And most of these ads are direct lessons of Republican candidates’ stances on the issue. see for example DGA Advertisement Promoting Cox It mentions support for Trump, Cox’s support for reversing the 2020 election results, his support for gun rights, and opposition to abortion rights.
Republicans opposing Cox, led by Hogan, held press conferences to shed light on what the DGA was doing. It didn’t matter to the state’s Republican voters, who happily ignored their state’s over-popular governor. (Here, it’s worth noting that Hogan’s fellow ultra-popular East Coast Republican governor, Charlie Baker of Massachusetts, decided not to contest again After it became clear he would lose to a Trump-backed challenger in the primary.)
Democrats also noted that Hogan hardly seemed fully devoted to Cox’s defeat, spending weeks campaigning in New Hampshire and Republican Governors Association meeting in Colorado to meet with donors as he talks about the potential 2024 was ready for the presidency.
A second race Tuesday in Maryland drives home the apparent GOP desire for ultra-conservative candidates. Republican nominated Michael Perotka, a neo-federal activist Whose views are even more right-wing than Cox in the race for attorney general. There was no democratic interference in the race. Peroutka was leading on Wednesday night by a 16-point margin over his rival, moderate former prosecutor Jim Schaleck, which was similar to Cox’s lead over Schultz.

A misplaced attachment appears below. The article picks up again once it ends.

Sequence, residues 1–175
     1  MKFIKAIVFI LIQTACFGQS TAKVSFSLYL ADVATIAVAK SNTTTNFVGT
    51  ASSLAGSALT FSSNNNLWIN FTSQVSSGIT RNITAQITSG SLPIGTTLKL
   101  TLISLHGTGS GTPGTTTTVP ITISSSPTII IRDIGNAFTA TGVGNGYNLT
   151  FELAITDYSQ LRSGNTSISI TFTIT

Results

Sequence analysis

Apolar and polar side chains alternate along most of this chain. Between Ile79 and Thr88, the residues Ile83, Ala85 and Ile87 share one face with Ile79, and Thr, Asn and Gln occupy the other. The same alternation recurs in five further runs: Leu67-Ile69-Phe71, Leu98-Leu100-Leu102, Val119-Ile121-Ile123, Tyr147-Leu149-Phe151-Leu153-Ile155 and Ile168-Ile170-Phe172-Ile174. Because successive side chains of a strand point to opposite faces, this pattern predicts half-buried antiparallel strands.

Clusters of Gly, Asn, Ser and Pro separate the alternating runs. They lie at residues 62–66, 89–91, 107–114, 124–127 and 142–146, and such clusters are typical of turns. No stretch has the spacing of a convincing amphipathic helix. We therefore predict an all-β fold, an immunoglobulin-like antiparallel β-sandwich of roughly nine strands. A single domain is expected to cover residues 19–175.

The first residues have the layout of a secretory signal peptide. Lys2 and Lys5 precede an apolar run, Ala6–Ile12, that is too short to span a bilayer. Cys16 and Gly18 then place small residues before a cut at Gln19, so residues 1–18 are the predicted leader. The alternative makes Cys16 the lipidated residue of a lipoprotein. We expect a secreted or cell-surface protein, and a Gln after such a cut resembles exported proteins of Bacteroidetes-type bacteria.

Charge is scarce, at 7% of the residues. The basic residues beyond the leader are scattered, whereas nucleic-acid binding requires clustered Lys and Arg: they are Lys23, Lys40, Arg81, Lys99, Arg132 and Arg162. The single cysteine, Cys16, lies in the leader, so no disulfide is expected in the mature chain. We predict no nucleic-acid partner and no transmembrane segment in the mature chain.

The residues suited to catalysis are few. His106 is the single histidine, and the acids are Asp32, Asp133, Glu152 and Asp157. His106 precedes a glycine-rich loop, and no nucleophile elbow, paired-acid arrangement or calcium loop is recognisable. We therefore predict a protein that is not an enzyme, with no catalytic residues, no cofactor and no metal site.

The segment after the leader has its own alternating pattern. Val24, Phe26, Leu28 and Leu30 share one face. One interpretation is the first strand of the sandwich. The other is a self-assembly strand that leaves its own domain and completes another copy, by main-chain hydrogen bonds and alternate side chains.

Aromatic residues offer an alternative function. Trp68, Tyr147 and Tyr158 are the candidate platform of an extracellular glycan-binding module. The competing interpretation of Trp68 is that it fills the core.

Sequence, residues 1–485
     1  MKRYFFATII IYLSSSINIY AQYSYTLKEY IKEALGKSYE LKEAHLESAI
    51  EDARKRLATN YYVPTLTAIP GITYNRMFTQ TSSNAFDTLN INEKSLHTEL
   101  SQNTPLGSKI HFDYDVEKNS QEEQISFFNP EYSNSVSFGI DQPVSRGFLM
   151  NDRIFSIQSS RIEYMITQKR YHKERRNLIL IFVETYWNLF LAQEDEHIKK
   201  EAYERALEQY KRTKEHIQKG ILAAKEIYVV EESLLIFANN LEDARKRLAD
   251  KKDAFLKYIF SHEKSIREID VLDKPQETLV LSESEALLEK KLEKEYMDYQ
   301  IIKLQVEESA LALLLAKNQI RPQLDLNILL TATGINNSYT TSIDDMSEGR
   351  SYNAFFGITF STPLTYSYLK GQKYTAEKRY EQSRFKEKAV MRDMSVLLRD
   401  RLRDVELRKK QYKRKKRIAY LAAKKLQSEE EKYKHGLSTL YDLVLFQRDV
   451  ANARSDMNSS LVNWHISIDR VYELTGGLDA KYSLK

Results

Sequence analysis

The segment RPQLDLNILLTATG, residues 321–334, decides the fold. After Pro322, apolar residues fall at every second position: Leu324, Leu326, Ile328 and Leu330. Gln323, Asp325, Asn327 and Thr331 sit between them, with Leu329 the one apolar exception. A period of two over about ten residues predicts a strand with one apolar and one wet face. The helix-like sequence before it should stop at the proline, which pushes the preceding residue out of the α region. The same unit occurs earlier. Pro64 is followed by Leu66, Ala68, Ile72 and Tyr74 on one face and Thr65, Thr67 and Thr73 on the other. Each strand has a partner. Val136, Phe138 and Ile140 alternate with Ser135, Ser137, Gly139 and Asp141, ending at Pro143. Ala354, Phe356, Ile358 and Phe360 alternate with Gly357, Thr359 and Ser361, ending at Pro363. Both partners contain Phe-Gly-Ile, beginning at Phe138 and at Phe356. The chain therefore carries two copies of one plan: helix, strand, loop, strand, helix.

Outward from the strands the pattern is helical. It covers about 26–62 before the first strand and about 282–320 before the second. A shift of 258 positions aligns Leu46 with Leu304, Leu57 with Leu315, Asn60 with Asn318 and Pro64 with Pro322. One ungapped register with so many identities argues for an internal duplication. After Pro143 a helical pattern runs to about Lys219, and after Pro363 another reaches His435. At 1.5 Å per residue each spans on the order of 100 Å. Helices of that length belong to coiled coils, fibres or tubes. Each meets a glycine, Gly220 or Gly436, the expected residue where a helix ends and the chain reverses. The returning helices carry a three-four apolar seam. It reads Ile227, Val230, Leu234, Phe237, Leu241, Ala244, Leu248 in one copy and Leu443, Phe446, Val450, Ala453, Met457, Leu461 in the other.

Similarly, Maastriano voted consistently in the Pennsylvania primary well before any Democratic attempt to put his thumb on the scale. Darren Bailey, the conservative candidate who was promoted by Democrats to the Illinois gubernatorial race, didn’t have a consistent lead — but ultimately won by 42 percentage points.
There are places where Trump-backed, election-denied candidates have flopped in primaries, most notably in the secretary of state race in Colorado and Georgia. but as The Washington Post’s Aaron Blake noted, both of those states have open primaries, allowing independents and even some Democrats to vote. When a closed primary leaves the GOP base to its own devices, there is little chance of stopping a Trump-style Republican.
Colorado is the state where Democratic efforts saw the biggest flop that could most easily backfire. The National Democrats spent nearly $5 million promoting the campaign of election-deprived state Representative Ron Hanks, while also playing down the liberal credentials of businessman Joe O’Dea. The hope was that Republicans would choose the seemingly infallible Hanks.
Instead, Republicans nominated O’Dea—meaning Democrats spent significant amounts of cash on ads driving the GOP candidate’s moderation.
Multiple attempts to interfere in election failed: Republicans worked unsuccessfully To promote a Progressive House candidate in Kansas in 2018, and Democrats tried to raise the unpopular Chris Kobach at the GOP Senate Primary in Kansas in 2020.
At the same time, Democrats owe their 50-seat majority in the Senate a . belongs to successful intervention campaign In the 2018 West Virginia GOP primary, that enabled Sen. Joe Manchin to clinch victory against a weaker opponent.
Colorado’s gubernatorial race, however, may provide the best example yet of why some Democratic operatives believe the distinction between a Trump-style Republican and the party’s mainstream is irrelevant. There, Democrats hoped to oust the alleged moderate candidate, University of Colorado Regent Heidi Ganahal. they failed.
On Monday, Ganahal announced his running mate: a businessman who hosted a conservative leadership event at his home that featured John Eastman, the law professor who helped Trump reverse the election, and who The election itself was called “theft”.